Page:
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The term “rare” applies to those diseases affecting a limited number of people with a prevalence below a given cut-off point, which is codified by the legislation of each individual country. The EU sets this threshold at 0.05% of the population, i.e. one case for every 2,000 inhabitants.


Rare diseases create specific problems relating to their rarity, are serious, often chronic and at times progressive, and may appear at birth or during childhood.


All those affected by rare diseases is sometimes difficult to diagnose. They often have difficulty accessing effective treatment, as well as maintaining independence, social, professional and civic integration.


In February 2020 Chiesi launched Chiesi Global Rare Diseases, a new business unit focused on research, development and commercialization of treatments and patient support services for rare and ultra-rare disorders, for which the treatment is limited or missing.


“Chiesi has a long history of success in discovering, developing and commercializing innovative therapies to address unmet needs for people living with rare diseases. With the Chiesi Global Rare Diseases unit, we are taking this to an entirely new level – rededicating and strengthening our efforts to support individuals and families affected by rare diseases all around the world,” said Giacomo Chiesi, Head of Chiesi Global Rare Diseases.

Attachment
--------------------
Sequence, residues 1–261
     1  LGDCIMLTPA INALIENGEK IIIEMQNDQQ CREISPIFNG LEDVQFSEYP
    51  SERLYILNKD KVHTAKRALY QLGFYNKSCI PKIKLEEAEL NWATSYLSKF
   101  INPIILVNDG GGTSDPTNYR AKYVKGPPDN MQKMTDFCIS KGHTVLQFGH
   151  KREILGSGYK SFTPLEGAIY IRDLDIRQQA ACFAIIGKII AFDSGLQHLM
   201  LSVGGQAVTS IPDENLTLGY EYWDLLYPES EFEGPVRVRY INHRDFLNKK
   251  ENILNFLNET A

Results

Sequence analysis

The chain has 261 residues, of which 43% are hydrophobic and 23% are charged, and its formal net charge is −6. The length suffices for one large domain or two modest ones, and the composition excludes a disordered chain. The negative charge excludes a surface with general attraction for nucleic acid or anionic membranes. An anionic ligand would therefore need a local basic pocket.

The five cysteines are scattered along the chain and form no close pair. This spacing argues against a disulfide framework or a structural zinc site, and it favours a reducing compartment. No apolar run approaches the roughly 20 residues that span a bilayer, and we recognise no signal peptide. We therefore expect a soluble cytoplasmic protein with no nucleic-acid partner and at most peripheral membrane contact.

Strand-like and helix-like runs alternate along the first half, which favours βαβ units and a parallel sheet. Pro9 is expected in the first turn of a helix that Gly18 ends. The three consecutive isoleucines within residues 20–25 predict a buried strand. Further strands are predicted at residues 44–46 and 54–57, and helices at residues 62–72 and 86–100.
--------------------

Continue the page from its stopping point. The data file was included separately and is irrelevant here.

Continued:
Chiesi Group commercializes treatments for alpha‑mannosidosis, Leber’s hereditary optic neuropathy, nephropathic cystinosis. The company is also building and advancing a pipeline of innovative therapies for the treatment of LSDs. Chiesi acquired the worldwide rights to an investigational therapy currently in Phase 3 clinical trials for the potential treatment of Fabry disease.


In 2020 Chiesi acquired the worldwide rights to a treatment for thalassemia from the Canadian firm Apotex. Thalassemia Major is a genetic disease that affects the body's ability to make red blood cells. As a result, these cells have a shorter life, are more easily destroyed, and patients need continuous blood transfusions, a process leading to the accumulation of iron in the body. For the needs of these people, the first oral chelator is provided, which binds the excess iron and removes it from the body, preventing the development of iron-induced cardiovascular diseases and significantly reducing the risk of cardiovascular death.